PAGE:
No party leader dictatorship, says Phillips - New Opposition leader explains why he is not asking senators to resign
With the debate continuing on whether senators appointed by Opposition Leader Portia Simpson Miller should resign en bloc with the change in leadership of the parliamentary Opposition, the new man in the job, Dr Peter Phillips, has reiterated that he is not calling for their resignations.
Addressing a Gleaner Editors' Forum last Friday, Phillips, who was recently elected president of the People's National Party (PNP), before being sworn in as Opposition leader, said he has no need to change the senators to put his stamp on the party infrastructure.
"Every one of the senators inside there now is a member of the party in good standing, who has my full respect and confidence," Phillips told Gleaner editors and reporters at the Gleaner's North Street, central Kingston, head office.
OUT OF TOUCH
The veteran politician said persons calling for the appointment of new senators who might be more in sync with his personal philosophy were out of touch with the vision of the framers of Jamaica's postcolonial Constitution.
"The Constitution of the country had as its intention that the senators, like members of parliament who are elected, serve for the term of the Parliament. It (is) designed that (way) because their responsibility is not to a party leader but to the Constitution of Jamaica and governance of the country in the best interest of the people.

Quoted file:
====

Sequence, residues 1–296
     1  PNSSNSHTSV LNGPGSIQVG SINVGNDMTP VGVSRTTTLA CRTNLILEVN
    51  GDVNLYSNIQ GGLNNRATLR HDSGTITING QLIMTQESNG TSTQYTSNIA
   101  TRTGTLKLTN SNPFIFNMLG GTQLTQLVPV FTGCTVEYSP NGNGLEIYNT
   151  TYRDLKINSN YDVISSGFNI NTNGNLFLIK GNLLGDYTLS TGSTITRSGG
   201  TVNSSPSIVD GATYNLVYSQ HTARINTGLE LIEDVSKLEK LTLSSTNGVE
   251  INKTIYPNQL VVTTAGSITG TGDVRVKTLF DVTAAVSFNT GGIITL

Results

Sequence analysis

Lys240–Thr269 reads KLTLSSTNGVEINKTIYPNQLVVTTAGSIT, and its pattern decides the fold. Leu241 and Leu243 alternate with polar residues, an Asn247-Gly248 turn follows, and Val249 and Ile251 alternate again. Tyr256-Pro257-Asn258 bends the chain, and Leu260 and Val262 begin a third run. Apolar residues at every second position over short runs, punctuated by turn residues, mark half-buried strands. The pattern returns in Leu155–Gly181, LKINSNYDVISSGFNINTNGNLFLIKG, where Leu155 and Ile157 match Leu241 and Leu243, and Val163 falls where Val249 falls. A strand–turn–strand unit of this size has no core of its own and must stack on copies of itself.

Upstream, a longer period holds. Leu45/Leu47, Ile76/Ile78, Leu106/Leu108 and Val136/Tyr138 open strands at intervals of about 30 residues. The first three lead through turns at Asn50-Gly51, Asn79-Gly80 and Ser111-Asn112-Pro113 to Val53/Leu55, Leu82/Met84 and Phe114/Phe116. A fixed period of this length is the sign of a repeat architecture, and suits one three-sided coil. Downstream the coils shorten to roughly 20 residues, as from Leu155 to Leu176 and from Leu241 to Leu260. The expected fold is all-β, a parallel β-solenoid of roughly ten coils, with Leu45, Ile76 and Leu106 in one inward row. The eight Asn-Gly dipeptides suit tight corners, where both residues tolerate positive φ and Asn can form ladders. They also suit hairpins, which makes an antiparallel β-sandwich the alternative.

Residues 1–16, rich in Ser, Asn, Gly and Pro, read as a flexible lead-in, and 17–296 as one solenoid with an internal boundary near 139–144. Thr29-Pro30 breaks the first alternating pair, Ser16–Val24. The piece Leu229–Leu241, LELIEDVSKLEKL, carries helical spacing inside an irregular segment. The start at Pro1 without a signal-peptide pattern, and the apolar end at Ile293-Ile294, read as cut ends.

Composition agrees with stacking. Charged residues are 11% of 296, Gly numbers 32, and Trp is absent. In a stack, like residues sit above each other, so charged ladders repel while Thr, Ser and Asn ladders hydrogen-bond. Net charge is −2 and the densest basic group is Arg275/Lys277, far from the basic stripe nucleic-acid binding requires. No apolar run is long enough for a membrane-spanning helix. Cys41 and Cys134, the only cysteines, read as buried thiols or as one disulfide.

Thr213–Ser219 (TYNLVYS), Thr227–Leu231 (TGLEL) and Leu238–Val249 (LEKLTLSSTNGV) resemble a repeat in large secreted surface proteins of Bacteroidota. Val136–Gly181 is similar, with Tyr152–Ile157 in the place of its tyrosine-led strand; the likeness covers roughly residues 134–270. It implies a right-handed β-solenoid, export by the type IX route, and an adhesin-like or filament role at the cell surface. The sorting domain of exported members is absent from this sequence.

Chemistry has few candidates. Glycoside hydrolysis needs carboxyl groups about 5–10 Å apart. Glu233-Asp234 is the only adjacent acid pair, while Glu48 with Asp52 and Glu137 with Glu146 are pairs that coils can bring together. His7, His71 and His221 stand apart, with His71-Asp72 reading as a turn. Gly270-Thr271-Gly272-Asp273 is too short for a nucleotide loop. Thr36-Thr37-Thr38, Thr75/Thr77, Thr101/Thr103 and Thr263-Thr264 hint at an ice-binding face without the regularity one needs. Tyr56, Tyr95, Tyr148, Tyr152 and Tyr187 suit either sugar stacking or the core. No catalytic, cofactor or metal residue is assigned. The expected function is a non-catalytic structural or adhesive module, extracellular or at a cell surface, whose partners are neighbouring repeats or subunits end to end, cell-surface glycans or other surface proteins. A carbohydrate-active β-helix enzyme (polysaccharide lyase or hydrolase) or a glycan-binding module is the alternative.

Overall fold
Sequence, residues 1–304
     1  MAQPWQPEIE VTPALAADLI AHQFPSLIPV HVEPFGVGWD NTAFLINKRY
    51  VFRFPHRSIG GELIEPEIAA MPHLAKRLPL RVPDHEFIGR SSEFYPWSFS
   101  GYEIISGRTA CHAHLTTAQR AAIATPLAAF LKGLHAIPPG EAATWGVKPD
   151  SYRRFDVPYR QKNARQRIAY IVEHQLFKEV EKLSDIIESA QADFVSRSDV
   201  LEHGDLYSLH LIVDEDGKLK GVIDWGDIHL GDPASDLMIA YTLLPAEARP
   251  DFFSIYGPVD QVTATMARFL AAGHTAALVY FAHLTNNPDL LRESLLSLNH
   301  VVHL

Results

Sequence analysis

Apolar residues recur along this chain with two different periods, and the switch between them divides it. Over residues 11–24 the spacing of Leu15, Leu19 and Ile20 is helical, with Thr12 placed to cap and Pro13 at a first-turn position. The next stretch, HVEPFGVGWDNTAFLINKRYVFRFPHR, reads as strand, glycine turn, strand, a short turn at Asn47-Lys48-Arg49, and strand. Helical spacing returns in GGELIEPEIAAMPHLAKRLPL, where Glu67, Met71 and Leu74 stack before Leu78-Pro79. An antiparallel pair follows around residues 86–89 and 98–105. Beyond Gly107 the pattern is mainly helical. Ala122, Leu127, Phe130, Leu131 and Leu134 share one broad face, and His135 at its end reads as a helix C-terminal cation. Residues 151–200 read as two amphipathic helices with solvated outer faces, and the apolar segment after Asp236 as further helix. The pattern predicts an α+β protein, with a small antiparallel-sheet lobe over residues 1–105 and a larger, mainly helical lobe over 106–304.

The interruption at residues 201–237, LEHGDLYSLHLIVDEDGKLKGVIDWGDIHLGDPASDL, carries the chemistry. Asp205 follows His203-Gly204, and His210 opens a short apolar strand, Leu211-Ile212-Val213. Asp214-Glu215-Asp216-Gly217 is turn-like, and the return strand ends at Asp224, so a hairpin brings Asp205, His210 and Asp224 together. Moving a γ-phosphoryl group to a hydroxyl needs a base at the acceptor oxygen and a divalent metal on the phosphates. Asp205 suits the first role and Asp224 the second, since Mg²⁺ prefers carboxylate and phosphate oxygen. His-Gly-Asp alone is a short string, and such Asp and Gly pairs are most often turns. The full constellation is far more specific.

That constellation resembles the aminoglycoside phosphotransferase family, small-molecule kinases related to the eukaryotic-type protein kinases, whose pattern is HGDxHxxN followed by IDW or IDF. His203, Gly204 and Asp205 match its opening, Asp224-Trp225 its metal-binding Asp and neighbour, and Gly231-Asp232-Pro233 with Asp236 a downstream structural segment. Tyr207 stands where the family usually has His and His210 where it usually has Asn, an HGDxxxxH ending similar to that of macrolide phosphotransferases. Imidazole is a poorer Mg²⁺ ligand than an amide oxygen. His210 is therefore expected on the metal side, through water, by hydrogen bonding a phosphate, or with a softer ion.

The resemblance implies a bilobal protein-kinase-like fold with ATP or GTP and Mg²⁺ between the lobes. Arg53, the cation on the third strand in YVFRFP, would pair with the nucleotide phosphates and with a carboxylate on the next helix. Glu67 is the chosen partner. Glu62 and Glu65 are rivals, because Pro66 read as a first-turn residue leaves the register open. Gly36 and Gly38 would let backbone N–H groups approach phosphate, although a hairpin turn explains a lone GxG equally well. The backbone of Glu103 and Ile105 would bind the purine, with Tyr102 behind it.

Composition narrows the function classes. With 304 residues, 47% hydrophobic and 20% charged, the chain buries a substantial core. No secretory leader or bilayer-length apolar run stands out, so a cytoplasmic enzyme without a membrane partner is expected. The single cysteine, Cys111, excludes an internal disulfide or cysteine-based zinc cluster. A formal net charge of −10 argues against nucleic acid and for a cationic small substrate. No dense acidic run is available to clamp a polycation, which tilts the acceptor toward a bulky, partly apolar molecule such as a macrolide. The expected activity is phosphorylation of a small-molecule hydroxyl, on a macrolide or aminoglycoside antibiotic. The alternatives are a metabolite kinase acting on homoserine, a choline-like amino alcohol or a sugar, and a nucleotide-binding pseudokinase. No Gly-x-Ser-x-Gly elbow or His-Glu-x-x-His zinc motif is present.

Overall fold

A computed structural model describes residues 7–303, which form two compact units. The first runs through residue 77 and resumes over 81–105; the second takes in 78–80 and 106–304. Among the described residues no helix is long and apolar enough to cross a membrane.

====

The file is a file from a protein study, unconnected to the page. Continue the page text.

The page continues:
"That requires some measure of independence and particularly in the Senate, where it was intended as a deliberative body," he explained.
According to Phillips, the PNP has always respected the rights of its members to differ fundamentally on issues of critical importance to development of the party, as well as the country.
He argued that to entertain the call by those in favour of a 'Peter Phillips Senate' would be to "consolidate party leadership dictatorship", which was not his intention.
"We are not dictators over anyone. We are democrats in the most fundamental way. Should at any point in time any member of the Senate feels, in conscience, that they want to, for whatever reason, offer their resignation (that is fine) but I am not asking, not seeking (it) as any condition of change of leadership.
"Our primary purpose is to strengthen the democratic process of the country and to ensure that the People's National Party remains a unified whole with a common purpose," said Phillips.
The eight opposition senators were expected to meet last week to decide if they would resign en bloc, but so far the results of that deliberation have not been made public.